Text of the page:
Investment column: More than a box-shifter

Click to follow
GIVEN British investors' current hunger for information technology stocks, Computacenter looks assured of a good reception when it joins the market later this month.

The mooted price range of pounds 0.9bn to pounds 1.1bn may look a hefty price to pay for a company which made post-tax profits of just pounds 31m in 1997. But it's a token of how rapidly valuations for British IT companies have soared in the past few months that a historical price/earnings multiple of between 30 and 37 begins to look like a bit of a bargain.

Is this reasonable for a company which some - harshly - classify as nothing more than a glorified box-shifter? Well, perhaps. It is true that Computacenter is essentially a distributor: it buys computer hardware and software from the likes of Compaq and Microsoft and sells this on to its clients.

This can be a volatile, low-margin business, but to lump Computacenter together with other distributors is to misunderstand the unique nature of its business. Essentially, the company has used its contact with customers as a supplier of kit to build up a sophisticated range of services. Customers - which include half the FTSE 100 index - now call on Computacenter to plan, requisition, implement, support and manage their computer networks. This one-stop shop approach accounts for the vast bulk of profits, and explains why it can sustain a gross profit margin of over 20 per cent.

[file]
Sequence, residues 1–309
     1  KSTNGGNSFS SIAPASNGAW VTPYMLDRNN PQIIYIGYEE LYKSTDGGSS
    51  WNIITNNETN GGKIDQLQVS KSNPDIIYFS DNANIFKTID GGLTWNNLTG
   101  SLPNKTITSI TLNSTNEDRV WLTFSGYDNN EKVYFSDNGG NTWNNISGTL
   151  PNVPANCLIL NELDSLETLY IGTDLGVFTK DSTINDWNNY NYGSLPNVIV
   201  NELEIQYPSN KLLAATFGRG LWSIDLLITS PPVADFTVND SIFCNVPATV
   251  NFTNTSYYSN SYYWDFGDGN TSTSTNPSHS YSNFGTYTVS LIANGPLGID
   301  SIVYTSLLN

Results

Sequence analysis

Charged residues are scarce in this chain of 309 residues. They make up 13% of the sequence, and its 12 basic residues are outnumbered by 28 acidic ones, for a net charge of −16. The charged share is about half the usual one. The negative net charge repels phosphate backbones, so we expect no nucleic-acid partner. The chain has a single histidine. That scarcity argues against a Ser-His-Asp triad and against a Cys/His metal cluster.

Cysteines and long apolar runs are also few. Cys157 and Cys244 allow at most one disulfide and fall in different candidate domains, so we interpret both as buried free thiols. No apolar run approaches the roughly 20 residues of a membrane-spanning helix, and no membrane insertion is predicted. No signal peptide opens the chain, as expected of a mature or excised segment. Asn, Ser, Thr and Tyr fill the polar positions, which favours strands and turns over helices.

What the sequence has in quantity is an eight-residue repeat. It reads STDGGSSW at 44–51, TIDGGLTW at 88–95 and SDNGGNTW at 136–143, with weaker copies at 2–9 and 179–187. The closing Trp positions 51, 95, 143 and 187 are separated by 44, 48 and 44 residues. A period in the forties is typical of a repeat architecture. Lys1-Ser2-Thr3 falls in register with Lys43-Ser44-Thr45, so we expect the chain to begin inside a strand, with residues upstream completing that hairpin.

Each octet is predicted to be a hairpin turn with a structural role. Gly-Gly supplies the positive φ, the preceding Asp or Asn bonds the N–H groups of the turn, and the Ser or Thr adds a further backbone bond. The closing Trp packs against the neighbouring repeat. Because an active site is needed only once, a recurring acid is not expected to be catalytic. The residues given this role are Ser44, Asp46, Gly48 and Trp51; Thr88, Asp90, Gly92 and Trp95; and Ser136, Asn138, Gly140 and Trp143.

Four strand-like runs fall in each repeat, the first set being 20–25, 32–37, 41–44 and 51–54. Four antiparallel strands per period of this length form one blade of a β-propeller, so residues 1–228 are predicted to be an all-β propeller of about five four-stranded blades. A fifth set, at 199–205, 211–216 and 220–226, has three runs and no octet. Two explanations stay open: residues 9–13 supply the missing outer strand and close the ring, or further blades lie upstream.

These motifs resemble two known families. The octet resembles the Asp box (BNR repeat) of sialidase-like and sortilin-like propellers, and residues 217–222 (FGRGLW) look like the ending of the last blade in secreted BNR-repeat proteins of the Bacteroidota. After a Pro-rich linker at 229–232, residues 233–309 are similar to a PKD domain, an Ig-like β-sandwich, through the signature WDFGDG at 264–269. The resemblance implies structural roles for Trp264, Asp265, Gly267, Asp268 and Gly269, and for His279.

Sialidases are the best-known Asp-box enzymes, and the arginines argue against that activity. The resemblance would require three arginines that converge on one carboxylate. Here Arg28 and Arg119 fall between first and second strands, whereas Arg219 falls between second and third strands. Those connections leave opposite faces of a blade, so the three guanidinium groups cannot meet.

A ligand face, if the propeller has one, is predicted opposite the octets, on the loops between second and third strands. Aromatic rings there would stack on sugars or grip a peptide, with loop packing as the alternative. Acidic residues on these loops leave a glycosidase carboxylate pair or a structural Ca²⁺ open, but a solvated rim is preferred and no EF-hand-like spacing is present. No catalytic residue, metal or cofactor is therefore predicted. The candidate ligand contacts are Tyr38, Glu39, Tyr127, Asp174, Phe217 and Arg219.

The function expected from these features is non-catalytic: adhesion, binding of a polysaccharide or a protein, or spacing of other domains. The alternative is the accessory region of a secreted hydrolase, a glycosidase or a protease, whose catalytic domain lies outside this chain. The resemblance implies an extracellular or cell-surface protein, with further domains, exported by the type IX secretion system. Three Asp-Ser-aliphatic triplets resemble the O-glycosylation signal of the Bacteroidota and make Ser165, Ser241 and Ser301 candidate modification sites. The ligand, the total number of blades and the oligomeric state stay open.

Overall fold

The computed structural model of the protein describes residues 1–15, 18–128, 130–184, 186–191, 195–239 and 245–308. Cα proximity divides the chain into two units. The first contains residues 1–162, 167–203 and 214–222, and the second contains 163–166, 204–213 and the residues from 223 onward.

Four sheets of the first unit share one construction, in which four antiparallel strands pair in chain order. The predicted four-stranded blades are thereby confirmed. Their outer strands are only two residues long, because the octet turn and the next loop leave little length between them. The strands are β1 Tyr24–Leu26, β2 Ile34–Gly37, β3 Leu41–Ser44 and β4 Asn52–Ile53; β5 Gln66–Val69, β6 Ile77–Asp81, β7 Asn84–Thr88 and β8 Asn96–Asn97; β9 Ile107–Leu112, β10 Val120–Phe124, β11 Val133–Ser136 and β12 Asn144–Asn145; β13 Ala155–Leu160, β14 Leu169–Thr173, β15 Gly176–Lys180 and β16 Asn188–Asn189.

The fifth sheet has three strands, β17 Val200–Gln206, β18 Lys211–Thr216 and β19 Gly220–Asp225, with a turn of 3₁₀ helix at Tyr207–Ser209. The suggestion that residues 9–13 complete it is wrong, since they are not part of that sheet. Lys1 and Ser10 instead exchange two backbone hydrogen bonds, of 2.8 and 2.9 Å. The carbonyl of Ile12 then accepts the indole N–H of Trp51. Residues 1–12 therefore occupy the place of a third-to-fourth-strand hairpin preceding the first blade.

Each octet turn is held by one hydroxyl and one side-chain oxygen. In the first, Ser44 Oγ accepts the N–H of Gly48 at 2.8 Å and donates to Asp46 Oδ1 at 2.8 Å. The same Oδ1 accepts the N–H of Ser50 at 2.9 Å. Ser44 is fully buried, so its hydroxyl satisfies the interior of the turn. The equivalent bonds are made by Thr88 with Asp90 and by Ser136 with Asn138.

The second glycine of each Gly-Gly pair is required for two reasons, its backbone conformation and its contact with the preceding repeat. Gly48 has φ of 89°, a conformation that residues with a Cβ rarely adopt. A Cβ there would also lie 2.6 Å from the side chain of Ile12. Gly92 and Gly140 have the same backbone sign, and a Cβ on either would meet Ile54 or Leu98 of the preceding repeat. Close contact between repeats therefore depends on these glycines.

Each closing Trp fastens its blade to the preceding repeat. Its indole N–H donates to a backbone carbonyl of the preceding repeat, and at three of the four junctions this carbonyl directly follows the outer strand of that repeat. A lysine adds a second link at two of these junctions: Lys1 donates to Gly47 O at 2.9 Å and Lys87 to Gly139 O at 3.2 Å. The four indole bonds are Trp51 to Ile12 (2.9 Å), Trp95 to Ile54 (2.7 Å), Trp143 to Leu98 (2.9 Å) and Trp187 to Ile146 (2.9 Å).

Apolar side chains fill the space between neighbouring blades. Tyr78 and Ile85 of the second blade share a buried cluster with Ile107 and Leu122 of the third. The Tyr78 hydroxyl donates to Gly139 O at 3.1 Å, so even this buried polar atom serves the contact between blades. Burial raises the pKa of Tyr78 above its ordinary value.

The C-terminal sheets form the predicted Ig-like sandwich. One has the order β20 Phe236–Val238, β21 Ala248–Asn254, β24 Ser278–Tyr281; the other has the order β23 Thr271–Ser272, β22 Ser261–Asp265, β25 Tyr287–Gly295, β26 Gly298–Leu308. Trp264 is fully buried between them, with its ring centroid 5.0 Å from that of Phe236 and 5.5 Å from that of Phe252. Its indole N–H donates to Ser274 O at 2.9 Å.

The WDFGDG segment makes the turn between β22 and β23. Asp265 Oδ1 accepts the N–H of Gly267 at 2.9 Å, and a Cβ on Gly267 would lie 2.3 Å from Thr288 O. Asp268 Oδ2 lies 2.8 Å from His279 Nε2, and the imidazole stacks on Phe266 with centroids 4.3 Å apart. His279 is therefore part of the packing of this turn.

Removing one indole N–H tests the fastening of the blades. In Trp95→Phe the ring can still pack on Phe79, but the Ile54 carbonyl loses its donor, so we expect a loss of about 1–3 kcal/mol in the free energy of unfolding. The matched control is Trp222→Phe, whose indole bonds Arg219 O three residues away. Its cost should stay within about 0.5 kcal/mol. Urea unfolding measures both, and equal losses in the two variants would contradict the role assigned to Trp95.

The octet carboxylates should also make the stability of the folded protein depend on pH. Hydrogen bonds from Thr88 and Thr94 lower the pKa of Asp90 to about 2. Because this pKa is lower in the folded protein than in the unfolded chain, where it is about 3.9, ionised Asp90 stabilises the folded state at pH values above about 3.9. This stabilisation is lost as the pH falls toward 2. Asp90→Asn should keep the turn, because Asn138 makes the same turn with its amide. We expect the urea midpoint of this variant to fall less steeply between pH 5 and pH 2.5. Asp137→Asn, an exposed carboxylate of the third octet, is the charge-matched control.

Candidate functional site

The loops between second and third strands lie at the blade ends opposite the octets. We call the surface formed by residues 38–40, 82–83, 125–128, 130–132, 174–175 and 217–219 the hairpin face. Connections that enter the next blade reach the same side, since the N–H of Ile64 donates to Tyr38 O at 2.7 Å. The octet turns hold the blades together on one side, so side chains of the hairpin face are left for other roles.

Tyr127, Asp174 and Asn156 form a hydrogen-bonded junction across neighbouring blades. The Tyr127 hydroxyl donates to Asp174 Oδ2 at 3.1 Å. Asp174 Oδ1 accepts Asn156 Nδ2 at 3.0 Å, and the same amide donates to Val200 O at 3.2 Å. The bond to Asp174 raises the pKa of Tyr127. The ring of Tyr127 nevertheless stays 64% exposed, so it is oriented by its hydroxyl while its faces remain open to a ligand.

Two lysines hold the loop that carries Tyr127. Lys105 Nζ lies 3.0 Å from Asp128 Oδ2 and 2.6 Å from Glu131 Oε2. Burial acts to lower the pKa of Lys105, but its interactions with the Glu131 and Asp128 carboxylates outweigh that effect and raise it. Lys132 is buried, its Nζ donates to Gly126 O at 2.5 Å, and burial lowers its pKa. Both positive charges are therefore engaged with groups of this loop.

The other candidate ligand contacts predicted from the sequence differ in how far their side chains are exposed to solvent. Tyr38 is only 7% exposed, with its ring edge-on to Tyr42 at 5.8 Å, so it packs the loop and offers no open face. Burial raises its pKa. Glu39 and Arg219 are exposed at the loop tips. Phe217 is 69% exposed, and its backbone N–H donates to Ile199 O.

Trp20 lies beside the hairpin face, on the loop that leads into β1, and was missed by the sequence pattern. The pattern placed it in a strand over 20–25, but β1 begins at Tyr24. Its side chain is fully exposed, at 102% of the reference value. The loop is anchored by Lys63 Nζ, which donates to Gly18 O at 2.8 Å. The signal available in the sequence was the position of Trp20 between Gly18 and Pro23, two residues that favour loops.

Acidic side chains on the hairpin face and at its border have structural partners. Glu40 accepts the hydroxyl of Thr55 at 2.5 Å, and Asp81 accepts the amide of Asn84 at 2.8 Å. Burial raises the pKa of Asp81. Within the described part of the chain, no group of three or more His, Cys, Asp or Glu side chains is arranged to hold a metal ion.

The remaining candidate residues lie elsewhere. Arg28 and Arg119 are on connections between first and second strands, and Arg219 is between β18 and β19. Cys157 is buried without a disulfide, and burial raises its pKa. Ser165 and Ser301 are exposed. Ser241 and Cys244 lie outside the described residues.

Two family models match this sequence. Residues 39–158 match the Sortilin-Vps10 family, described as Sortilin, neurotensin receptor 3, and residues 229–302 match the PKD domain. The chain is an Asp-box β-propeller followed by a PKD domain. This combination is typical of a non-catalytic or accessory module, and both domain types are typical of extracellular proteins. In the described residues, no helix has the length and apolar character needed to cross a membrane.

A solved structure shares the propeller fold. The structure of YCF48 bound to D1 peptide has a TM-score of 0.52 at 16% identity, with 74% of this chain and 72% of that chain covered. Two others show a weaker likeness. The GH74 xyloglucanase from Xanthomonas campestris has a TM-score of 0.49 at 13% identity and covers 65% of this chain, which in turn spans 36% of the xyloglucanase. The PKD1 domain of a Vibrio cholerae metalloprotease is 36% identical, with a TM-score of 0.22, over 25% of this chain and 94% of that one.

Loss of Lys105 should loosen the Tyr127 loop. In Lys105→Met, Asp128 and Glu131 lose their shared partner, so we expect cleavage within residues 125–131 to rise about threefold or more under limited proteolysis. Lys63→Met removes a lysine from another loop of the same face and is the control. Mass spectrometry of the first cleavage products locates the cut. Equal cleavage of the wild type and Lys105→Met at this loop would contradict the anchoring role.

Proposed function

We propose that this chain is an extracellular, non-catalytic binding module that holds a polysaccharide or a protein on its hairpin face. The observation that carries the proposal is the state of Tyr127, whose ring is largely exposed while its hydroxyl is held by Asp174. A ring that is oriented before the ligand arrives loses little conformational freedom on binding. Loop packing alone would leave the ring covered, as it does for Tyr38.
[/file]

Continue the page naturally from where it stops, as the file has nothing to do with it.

Growing demand has helped Computacenter's profits to almost quadruple in the past three years. And given the continuing shift away from mainframe systems towards networks based on personal computers, that growth looks set to continue. Goldman Sachs, the investment bank which is managing the flotation, predicts post-tax profits of pounds 40m this year and annual growth of around 20 per cent thereafter.

All this makes Computacenter shares good value right up to the top of the share price range, set at 550p-670p. But don't chase them any higher.